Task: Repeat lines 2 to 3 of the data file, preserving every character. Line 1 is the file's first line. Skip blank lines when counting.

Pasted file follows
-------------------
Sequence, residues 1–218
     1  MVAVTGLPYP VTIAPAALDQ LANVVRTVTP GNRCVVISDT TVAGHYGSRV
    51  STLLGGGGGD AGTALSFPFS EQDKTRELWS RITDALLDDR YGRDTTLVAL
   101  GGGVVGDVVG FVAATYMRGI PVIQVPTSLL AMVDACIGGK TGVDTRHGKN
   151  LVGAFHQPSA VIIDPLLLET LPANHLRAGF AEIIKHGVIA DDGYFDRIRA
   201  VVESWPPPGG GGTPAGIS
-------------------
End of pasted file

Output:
     1  MVAVTGLPYP VTIAPAALDQ LANVVRTVTP GNRCVVISDT TVAGHYGSRV
    51  STLLGGGGGD AGTALSFPFS EQDKTRELWS RITDALLDDR YGRDTTLVAL